I thought people might feel the same way as I did about the Monon Trail Crossing at Main Street in Carmel. But after I wrote my first column about it, I didn’t expect so many letters to the editor and people stopping me to give their opinion on what to do.
Here’s the issue: At this crossing, the law says that pedestrians have to stop because there is a stop sign and cars don’t have to stop unless someone is already in the crosswalk. This is confusing because nobody seems to follow this system. Some cars stop – trying to be nice – and some pedestrians get mad at motorists when they don’t stop.
The city has addressed this issue by putting a sign in the street reminding motorists that once a pedestrian steps into the street then they have the right of way.
This is done to remind people that just because pedestrians are supposed to stop at the stop sign, it doesn’t mean you are legally protected if you hit someone with your car if they are crossing the street.
So what are we supposed to do?
To me, the idea that pedestrians have the right of way once they are in the street is just common sense. You don’t hit someone when they are crossing. It’s obvious. Of course, this is true at any time. As a motorist, you need to be aware of pedestrians. Just as you need to be aware of cars if you are a pedestrian. Again, common sense.
The problem is that some pedestrians feel they can jump in front of traffic because once they have that foot in the street then the right of way is theirs. That’s not a good system. There is a stop sign and people should stop, not only for their safety but out of courtesy for others.
I understand that there are cyclists in spandex who are serious about their rides and don’t want to stop at stop signs these folks also know how to time themselves so they don’t hit traffic. Plus the visibility in this intersection is really good so that helps alleviate many safety concerns.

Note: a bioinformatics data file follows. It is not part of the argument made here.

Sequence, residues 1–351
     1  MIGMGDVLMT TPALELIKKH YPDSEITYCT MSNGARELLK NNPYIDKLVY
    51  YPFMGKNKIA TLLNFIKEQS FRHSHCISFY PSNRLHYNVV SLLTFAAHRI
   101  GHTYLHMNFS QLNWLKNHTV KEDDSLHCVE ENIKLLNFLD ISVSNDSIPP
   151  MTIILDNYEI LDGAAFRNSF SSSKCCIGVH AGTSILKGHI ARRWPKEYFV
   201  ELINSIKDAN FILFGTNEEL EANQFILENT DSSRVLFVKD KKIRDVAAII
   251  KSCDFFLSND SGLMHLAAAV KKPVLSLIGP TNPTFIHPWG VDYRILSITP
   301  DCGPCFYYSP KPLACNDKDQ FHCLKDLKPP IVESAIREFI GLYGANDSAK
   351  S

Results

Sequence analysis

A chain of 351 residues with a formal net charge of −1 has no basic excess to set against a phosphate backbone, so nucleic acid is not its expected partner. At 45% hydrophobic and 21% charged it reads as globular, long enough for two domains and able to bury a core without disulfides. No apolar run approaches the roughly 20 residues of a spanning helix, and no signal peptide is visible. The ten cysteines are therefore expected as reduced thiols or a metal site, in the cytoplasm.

But what drives me nuts is when I’m walking my dog and I do the right thing by stopping at the intersection and waiting for my chance to cross. In fact, I teach my dog that and I’m sure many people teach their children that.
But some motorist, who again might feel they are being nice, decides to put on their brakes and hold up traffic to let me by. One time I waved backed, “No, you go. You have the right of way.” Yet, the motorist remained motionless until I went. It was ridiculous. Again, I know people want to pat themselves on the back but we just have to follow a system. It slows down traffic when nobody knows what to do and everyone is stopped waiting for the other person to go.
So the law is clear: Pedestrians need to stop. But once they are in the crosswalk, don’t hit them with a car.